X

Create an account to continue reading.

Registered readers have access to our blogs and a limited number of magazine articles
For unlimited access to The Spectator, subscribe below

Registered readers have access to our blogs and a limited number of magazine articles

Sign in to continue

Already have an account?

What's my subscriber number?

Subscribe now from £1 a week

Online

Unlimited access to The Spectator including the full archive from 1828

Print

Weekly delivery of the magazine

App

Phone & tablet edition of the magazine

Spectator Club

Subscriber-only offers, events and discounts
 
View subscription offers

Already a subscriber?

or

Subscribe now for unlimited access

ALL FROM JUST £1 A WEEK

View subscription offers

Thank you for creating your account – To update your details click here to manage your account

Thank you for creating your account – To update your details click here to manage your account

Thank you for creating an account – Your subscriber number was not recognised though. To link your subscription visit the My Account page

Thank you for creating your account – To update your details click here to manage your account

X

Login

Don't have an account? Sign up
X

Subscription expired

Your subscription has expired. Please go to My Account to renew it or view subscription offers.

X

Forgot Password

Please check your email

If the email address you entered is associated with a web account on our system, you will receive an email from us with instructions for resetting your password.

If you don't receive this email, please check your junk mail folder.

X

It's time to subscribe.

You've read all your free Spectator magazine articles for this month.

Subscribe now for unlimited access – from just £1 a week

You've read all your free Spectator magazine articles for this month.

Subscribe now for unlimited access

Online

Unlimited access to The Spectator including the full archive from 1828

Print

Weekly delivery of the magazine

App

Phone & tablet edition of the magazine

Spectator Club

Subscriber-only offers, events and discounts
X

Sign up

What's my subscriber number? Already have an account?

Thank you for creating your account – To update your details click here to manage your account

Thank you for creating your account – To update your details click here to manage your account

Thank you for creating an account – Your subscriber number was not recognised though. To link your subscription visit the My Account page

Thank you for creating your account – To update your details click here to manage your account

X

Your subscriber number is the 8 digit number printed above your name on the address sheet sent with your magazine each week.

Entering your subscriber number will enable full access to all magazine articles on the site.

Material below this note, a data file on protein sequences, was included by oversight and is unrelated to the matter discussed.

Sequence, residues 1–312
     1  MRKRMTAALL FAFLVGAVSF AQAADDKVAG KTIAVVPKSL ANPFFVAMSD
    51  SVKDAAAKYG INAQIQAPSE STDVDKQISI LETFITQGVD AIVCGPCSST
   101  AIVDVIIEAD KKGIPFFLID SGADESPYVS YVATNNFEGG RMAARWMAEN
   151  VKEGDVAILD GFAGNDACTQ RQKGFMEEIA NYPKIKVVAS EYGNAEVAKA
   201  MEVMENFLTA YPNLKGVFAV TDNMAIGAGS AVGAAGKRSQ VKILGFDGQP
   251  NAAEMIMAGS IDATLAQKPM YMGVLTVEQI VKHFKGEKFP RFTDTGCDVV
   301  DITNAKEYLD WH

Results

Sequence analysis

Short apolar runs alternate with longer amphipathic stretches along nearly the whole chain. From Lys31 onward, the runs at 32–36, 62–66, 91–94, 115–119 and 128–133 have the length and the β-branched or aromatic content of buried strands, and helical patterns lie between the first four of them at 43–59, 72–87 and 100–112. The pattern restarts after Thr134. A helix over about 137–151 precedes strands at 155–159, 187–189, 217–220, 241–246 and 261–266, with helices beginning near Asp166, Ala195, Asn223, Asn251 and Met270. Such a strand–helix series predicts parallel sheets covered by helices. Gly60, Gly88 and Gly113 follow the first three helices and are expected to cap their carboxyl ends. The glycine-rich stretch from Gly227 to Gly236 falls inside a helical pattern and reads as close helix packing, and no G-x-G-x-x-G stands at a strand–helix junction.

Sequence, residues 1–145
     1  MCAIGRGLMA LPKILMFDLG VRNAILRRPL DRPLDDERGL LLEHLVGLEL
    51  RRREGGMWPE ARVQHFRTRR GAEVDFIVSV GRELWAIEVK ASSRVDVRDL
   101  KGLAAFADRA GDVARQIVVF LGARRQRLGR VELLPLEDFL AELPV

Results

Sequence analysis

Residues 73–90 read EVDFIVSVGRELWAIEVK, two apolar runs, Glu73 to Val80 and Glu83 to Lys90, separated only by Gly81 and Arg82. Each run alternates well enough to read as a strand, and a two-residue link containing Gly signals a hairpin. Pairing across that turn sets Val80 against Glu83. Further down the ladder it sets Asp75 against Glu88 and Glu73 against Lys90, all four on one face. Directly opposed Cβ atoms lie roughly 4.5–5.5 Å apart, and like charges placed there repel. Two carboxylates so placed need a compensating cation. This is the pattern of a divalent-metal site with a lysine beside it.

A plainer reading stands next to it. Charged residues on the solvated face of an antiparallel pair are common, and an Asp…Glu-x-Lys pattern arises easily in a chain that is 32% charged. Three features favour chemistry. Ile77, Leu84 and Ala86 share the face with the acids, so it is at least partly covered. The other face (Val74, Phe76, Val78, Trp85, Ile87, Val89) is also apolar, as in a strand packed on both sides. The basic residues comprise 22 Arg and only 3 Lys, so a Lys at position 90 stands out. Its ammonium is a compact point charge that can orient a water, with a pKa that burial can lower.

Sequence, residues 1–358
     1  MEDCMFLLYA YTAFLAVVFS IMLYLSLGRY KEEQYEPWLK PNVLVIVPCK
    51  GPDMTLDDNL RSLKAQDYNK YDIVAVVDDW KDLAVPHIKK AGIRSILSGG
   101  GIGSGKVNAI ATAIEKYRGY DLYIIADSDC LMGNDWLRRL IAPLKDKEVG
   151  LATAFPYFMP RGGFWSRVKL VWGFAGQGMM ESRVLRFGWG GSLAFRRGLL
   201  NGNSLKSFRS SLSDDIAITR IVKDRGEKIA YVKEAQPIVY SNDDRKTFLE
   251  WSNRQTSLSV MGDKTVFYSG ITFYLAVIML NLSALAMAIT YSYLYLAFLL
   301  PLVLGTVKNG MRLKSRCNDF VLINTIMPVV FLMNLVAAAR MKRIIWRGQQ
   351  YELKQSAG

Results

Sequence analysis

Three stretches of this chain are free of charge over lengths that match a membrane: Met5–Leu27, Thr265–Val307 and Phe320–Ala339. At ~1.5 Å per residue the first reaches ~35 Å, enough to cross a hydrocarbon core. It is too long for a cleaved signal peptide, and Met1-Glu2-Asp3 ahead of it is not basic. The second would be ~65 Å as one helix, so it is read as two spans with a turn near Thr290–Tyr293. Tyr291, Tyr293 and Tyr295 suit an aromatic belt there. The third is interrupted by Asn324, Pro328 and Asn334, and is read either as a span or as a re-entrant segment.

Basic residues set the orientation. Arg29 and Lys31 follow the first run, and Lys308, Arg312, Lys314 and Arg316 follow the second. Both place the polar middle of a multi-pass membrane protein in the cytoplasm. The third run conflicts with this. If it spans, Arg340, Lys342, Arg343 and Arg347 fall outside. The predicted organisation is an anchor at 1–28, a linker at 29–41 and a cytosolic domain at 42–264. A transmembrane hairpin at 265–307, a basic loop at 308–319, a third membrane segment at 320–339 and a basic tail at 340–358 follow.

If you cannot find your subscriber number then please contact us on customerhelp@subscriptions.spectator.co.uk or call 0330 333 0050.

You can create an account in the meantime and link your subscription at a later time. Simply visit the My Account page, enter your subscriber number in the relevant field and click 'submit changes'.

Coffee House

Modern Britain: little islanders who love the Queen and Richard Branson

14 April 2014

3:03 PM

14 April 2014

3:03 PM

Who and what represents Britain today? Our country has changed significantly in the last few decades; but, a batch of YouGov polls published this weekend suggest that traditional notions of what is British remain remarkably unchanged. The public was asked to choose which prominent people they think reflect Britain today. Members of the Royal Family occupy four of the top five positions — the Queen, Prince William, Harry and the Duchess of Cambridge — while fifth spot is represented by the nouveau riche Richard Branson:

David Beckham is the only mega celebrity to have made this list. There are plenty of actors present (Judi Dench, Helen Mirren and Joanna Lumley), but it’s great to see ‘Britishness’ embodied by a variety of characters from Stephen Hawking, JK Rowling to former Spectator editor Boris Johnson. The only other politicians who feature are Nigel Farage and David Cameron – both of whom appear way down the list.

[Alt-Text]


We also still love our institutions. When asked what is seen as important to Britishness and being British, the monarchy and United Kingdom are still ranked very highly. Even the beleaguered House of Commons and BBC are seen as important by a significant majority:

What about our individual characteristics? In a separate YouGov poll, English people still appear to be suspicious of foreigners. But they also keep a stiff upper lip between bouts of patriotism and drunken hooliganism:

On this evidence, it would be hard to differentiate the Englishman of 2014 from Basil Fawlty of forty years ago. Both have a great respect for institutions and establishment figures, yet apparently dislike foreigners. Perhaps these attitudes explain the rapid rise of Ukip, the only party who dream of a Britain long ago. But I’m sure that Farage and co will be surprised to see how people feel about our green and pleasant land.

Give something clever this Christmas – a year’s subscription to The Spectator for just £75. And we’ll give you a free bottle of champagne. Click here.


Show comments
Close